# Divergence Free Vector Fields that are undefined at the origin

I am aware of vector fields which are undefined at the origin but whose divergence everywhere else is 0. In particular, my students have already seen the inverse square vector field, i.e. $\vec{F}=\frac{\vec{r}}{||\vec{r}||^3}$ where $\vec{r}=\langle x,y,z \rangle$ and the vector field for an ideal electric dipole $\vec{E}=\nabla \left(\frac{z}{||r||^3} \right)$.

Are there still other examples of divergence free vector fields that blow up at the origin? I want to hammer the concept of computing the flux of these vector fields across solids which enclose the origin by constructing a smaller solid inside (whose flux we can easily compute) and applying the divergence theorem to the solid sandwiched in between.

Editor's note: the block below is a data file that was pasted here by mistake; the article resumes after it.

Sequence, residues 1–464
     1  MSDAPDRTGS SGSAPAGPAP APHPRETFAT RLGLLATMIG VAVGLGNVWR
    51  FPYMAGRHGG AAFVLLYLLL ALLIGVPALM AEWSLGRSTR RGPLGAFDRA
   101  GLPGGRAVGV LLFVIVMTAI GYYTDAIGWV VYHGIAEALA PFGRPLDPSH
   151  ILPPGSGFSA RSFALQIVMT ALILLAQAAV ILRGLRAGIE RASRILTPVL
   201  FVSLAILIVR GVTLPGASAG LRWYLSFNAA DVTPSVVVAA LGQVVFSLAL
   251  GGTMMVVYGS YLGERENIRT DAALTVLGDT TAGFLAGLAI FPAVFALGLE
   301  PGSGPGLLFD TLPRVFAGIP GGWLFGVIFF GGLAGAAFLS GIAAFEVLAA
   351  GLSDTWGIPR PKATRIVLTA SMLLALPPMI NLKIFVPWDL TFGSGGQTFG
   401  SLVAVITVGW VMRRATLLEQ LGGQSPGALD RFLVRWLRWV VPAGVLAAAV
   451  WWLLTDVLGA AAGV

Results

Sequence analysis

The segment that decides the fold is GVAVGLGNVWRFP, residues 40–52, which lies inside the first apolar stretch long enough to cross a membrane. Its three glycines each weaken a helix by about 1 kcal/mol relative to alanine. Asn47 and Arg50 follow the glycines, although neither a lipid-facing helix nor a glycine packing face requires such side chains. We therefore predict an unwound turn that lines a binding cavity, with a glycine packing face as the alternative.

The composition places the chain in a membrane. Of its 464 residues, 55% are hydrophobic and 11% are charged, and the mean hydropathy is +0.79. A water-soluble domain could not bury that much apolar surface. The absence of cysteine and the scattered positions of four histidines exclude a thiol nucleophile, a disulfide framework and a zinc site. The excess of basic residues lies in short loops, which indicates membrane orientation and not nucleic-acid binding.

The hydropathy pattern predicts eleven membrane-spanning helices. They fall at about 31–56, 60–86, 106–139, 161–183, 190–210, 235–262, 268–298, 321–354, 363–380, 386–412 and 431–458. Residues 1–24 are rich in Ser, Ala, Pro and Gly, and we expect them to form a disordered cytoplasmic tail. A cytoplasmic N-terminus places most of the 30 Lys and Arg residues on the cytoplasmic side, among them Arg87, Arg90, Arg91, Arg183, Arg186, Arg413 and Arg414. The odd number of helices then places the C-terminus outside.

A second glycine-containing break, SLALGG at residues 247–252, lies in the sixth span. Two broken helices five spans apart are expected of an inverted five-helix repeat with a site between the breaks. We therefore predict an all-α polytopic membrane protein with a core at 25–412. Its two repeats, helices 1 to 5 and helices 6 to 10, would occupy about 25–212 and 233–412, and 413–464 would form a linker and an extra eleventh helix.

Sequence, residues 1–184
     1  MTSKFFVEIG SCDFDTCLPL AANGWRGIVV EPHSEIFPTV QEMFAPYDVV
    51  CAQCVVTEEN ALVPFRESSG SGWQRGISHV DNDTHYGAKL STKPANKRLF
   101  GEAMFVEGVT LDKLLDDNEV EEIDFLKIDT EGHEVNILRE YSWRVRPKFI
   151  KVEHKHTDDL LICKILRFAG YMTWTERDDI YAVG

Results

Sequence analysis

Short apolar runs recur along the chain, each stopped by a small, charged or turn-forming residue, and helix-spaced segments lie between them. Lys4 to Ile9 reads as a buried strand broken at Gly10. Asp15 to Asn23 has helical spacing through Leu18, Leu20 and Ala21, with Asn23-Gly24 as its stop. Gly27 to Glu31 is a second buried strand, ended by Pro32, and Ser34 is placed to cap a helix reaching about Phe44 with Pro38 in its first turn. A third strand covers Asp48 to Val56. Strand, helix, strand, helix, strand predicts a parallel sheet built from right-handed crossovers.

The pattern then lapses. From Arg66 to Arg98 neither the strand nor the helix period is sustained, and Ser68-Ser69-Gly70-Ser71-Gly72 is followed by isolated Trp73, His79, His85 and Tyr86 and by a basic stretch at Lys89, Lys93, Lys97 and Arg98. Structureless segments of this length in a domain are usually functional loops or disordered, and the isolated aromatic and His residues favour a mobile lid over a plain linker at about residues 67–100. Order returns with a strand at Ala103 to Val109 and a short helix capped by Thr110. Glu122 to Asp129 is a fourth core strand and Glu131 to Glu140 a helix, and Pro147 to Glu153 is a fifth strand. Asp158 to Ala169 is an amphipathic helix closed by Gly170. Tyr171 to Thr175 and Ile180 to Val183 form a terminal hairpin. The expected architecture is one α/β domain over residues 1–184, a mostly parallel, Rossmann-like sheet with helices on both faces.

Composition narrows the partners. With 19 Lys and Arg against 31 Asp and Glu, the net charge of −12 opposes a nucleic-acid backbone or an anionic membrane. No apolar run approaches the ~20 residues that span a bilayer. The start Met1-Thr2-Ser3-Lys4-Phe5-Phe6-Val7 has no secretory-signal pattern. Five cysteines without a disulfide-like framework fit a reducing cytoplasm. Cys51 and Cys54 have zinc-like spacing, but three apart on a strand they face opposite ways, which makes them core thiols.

Thanks!

• Hmm, you could look into the magnetic vector potential $\vec{A}$. – WalyKu Apr 30 '14 at 17:40

Since divergence $\nabla$ is linear operator, the simplest way to construct another examples of such an field from the known example would be simply adding adding well-behaved divergence-free field to this one.
Another way would be directed derivative of this field. This works, because if $\nabla \cdot \vec F = 0$, then
so, if $\vec F$ is divergence-free, then $(\vec a \cdot \nabla) \vec F$ is also divergence-free for some constant vector $\vec a$, but it still blows up at origin if $\vec F$ blows up at origin. Needless to say, one can repeat this arbitrarily many times, so